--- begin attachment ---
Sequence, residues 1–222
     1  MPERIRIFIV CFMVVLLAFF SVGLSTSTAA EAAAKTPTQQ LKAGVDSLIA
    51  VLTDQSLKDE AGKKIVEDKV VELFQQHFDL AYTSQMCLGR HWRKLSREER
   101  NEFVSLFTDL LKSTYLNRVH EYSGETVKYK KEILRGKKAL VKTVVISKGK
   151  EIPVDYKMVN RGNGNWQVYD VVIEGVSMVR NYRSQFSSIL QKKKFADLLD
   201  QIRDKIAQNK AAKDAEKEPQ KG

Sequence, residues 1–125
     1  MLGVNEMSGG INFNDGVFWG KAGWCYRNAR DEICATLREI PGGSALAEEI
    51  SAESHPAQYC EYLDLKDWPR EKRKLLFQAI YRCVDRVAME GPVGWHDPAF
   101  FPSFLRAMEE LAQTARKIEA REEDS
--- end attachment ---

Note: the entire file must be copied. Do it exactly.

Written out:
Sequence, residues 1–222
     1  MPERIRIFIV CFMVVLLAFF SVGLSTSTAA EAAAKTPTQQ LKAGVDSLIA
    51  VLTDQSLKDE AGKKIVEDKV VELFQQHFDL AYTSQMCLGR HWRKLSREER
   101  NEFVSLFTDL LKSTYLNRVH EYSGETVKYK KEILRGKKAL VKTVVISKGK
   151  EIPVDYKMVN RGNGNWQVYD VVIEGVSMVR NYRSQFSSIL QKKKFADLLD
   201  QIRDKIAQNK AAKDAEKEPQ KG

Sequence, residues 1–125
     1  MLGVNEMSGG INFNDGVFWG KAGWCYRNAR DEICATLREI PGGSALAEEI
    51  SAESHPAQYC EYLDLKDWPR EKRKLLFQAI YRCVDRVAME GPVGWHDPAF
   101  FPSFLRAMEE LAQTARKIEA REEDS